Coors field is maybe the most extreme park in HBD. It requires players with different skills then other parks and even affects the composition of your roster. Without giving away my whole strategy here are some of the best and worst things about having Coors Field as your home.
Tires out your pitching staff – Pitchers have to throw quite a few more pitches in Coors to complete a game then you would at a normal ball park. Starters tire out sooner and don’t work as deep into games. Relievers max out at one inning. Coors forces you to carry extra starters in your bullpen to get through the middle innings. This year I’ve thrown about 11% more pitches at home per inning than on the road.
Tires out your positional players – Players with high durability ratings still need to rest because they get so many more plate appearances at Coors then in other spots. Rest early in the season becomes very important. And because you can come back from large deficits at Coors you can’t rest your players as early in the game as you might like to.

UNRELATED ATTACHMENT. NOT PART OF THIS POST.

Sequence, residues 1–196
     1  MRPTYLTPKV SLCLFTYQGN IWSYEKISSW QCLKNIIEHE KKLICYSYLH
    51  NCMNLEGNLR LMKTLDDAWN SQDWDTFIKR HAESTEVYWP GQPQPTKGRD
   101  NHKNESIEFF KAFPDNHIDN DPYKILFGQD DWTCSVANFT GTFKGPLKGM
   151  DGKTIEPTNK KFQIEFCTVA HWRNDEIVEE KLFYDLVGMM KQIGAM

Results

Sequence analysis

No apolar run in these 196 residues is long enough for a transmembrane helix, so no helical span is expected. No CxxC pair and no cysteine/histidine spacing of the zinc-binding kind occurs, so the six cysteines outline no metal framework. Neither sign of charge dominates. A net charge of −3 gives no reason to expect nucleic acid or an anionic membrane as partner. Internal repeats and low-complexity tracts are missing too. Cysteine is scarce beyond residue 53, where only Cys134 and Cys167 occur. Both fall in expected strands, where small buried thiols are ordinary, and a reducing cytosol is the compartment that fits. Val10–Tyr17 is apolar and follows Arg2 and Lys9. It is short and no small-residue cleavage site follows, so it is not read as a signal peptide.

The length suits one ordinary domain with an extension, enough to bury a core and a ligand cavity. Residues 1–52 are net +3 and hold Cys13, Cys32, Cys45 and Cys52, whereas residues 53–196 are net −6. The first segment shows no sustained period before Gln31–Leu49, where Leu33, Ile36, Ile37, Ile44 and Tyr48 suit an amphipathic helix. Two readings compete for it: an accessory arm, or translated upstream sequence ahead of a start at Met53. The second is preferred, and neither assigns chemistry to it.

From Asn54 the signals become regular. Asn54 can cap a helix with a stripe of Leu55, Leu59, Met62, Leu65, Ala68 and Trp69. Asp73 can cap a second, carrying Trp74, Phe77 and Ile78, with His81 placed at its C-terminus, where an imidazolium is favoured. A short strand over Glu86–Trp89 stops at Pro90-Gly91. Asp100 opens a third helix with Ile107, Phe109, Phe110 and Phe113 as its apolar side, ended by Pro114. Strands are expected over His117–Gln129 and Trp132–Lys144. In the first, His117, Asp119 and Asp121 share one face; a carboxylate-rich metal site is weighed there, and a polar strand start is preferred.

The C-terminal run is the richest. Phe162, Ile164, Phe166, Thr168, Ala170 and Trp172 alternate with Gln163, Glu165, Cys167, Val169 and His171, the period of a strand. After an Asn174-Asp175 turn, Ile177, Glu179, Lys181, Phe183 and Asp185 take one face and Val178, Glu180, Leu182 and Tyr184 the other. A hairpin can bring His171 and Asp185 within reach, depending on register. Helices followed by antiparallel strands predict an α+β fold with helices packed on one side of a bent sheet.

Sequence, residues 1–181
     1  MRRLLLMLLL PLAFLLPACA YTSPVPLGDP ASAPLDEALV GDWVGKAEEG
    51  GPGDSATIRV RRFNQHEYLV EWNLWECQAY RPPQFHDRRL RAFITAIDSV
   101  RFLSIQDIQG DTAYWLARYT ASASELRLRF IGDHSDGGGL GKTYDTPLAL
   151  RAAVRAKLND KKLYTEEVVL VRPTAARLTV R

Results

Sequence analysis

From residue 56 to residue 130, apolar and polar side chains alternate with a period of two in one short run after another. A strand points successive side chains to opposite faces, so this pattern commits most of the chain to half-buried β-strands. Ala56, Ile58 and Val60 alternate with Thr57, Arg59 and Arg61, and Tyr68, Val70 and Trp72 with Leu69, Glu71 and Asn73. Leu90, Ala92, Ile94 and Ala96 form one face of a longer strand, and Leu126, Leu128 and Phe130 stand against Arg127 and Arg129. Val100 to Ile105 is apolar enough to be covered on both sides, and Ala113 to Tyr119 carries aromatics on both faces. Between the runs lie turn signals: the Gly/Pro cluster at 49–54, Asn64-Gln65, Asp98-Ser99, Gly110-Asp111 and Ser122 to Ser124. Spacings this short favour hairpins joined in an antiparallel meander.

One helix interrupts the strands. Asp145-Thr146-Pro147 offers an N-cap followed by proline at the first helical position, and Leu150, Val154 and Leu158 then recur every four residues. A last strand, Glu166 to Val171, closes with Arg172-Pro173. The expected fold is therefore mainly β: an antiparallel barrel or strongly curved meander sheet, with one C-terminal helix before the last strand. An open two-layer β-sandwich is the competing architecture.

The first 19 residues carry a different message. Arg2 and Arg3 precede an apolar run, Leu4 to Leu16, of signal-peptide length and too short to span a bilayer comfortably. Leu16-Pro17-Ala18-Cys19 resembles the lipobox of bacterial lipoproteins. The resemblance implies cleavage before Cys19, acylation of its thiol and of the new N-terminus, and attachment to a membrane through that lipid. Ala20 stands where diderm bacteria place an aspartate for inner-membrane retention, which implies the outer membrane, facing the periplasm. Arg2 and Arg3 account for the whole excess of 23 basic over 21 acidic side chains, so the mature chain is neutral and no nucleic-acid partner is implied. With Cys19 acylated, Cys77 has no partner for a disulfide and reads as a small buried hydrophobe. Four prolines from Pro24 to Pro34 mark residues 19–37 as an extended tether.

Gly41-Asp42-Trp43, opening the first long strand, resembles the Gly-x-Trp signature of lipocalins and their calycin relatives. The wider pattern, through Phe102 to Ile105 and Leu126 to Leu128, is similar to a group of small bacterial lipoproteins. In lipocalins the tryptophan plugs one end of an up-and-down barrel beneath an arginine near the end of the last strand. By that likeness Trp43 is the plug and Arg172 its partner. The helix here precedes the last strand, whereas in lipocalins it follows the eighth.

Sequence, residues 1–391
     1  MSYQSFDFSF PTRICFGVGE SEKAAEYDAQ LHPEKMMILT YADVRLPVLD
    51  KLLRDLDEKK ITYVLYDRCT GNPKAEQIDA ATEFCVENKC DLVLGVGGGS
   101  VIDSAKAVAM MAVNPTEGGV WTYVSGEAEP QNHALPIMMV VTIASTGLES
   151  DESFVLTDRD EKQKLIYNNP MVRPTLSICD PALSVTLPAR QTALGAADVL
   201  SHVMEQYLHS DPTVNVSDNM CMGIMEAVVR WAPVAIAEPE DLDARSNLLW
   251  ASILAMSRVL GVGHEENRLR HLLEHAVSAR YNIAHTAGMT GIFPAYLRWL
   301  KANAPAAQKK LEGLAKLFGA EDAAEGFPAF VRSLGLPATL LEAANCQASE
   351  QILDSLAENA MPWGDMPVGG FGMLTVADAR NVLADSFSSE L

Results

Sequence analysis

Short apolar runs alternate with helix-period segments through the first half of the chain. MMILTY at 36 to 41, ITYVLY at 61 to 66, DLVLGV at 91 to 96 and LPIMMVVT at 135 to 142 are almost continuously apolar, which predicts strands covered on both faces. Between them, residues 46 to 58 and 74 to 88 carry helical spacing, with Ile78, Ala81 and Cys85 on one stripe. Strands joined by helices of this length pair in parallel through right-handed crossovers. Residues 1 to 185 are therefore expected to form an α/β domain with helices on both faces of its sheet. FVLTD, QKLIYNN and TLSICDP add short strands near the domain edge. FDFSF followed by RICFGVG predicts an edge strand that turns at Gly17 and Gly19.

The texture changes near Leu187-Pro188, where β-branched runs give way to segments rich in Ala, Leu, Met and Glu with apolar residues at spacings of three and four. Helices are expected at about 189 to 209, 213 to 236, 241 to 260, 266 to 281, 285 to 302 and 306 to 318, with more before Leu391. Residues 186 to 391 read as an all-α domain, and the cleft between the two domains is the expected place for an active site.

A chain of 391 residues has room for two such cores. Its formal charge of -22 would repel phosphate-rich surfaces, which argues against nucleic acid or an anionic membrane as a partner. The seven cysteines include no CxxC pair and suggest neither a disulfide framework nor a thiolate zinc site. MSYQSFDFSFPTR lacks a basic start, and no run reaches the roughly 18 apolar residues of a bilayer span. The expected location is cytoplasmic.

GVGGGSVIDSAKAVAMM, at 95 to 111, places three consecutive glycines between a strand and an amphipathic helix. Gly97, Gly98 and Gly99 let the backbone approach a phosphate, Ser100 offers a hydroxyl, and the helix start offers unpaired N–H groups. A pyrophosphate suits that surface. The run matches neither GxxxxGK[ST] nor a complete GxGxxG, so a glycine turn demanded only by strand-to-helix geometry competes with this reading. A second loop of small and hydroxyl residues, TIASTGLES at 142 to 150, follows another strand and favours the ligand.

Hard to find pitchers who will succeed – Pitchers with average fly ball to ground ball ratios are killers at Coors. Certain pitchers just don’t seem to do well at Coors and the stats are so skewed it can be tough to pick out who is actually pitching well. Any pitcher with an ERA under 5.50 with half his games pitched at Coors is doing pretty well.
You can build around sluggers – Always fun and fairly cheap. Guys that would normally be average at sea level become very playable at Coors. Neil Lukasiewicz is a classic example of a Coors player.
Visiting teams without power tend to struggle – A successful lineup that is not built around power will not do as well at Coors.
Domination of All Star lineup – Your positional players will have a pretty good shot at making the All Star team.
Every game is an adventure – It’s such a rollercoaster ride to look at box scores from home games. Seven run comebacks are fairly common and you get a few 20-12 games. Your hitters never slump.